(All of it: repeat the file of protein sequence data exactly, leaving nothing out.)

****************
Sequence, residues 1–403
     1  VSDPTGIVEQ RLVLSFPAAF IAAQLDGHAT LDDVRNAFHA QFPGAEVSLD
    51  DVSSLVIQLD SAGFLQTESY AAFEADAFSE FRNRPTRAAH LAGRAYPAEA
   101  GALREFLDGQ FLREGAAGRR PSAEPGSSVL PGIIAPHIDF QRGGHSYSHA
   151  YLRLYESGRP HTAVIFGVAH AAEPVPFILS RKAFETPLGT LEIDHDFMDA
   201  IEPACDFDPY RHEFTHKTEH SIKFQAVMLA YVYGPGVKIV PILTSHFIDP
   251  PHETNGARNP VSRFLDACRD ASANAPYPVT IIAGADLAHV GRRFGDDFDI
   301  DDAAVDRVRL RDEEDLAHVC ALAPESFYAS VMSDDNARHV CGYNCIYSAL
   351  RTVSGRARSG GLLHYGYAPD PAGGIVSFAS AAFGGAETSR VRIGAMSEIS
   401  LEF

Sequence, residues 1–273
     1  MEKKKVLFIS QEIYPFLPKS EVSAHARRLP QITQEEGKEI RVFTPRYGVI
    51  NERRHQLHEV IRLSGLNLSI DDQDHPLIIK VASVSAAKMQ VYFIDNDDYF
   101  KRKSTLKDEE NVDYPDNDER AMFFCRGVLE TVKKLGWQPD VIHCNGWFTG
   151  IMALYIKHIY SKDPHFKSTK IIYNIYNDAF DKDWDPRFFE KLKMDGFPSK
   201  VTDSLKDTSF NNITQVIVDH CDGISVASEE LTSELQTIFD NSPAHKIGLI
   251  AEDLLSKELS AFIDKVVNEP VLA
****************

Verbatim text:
Sequence, residues 1–403
     1  VSDPTGIVEQ RLVLSFPAAF IAAQLDGHAT LDDVRNAFHA QFPGAEVSLD
    51  DVSSLVIQLD SAGFLQTESY AAFEADAFSE FRNRPTRAAH LAGRAYPAEA
   101  GALREFLDGQ FLREGAAGRR PSAEPGSSVL PGIIAPHIDF QRGGHSYSHA
   151  YLRLYESGRP HTAVIFGVAH AAEPVPFILS RKAFETPLGT LEIDHDFMDA
   201  IEPACDFDPY RHEFTHKTEH SIKFQAVMLA YVYGPGVKIV PILTSHFIDP
   251  PHETNGARNP VSRFLDACRD ASANAPYPVT IIAGADLAHV GRRFGDDFDI
   301  DDAAVDRVRL RDEEDLAHVC ALAPESFYAS VMSDDNARHV CGYNCIYSAL
   351  RTVSGRARSG GLLHYGYAPD PAGGIVSFAS AAFGGAETSR VRIGAMSEIS
   401  LEF

Sequence, residues 1–273
     1  MEKKKVLFIS QEIYPFLPKS EVSAHARRLP QITQEEGKEI RVFTPRYGVI
    51  NERRHQLHEV IRLSGLNLSI DDQDHPLIIK VASVSAAKMQ VYFIDNDDYF
   101  KRKSTLKDEE NVDYPDNDER AMFFCRGVLE TVKKLGWQPD VIHCNGWFTG
   151  IMALYIKHIY SKDPHFKSTK IIYNIYNDAF DKDWDPRFFE KLKMDGFPSK
   201  VTDSLKDTSF NNITQVIVDH CDGISVASEE LTSELQTIFD NSPAHKIGLI
   251  AEDLLSKELS AFIDKVVNEP VLA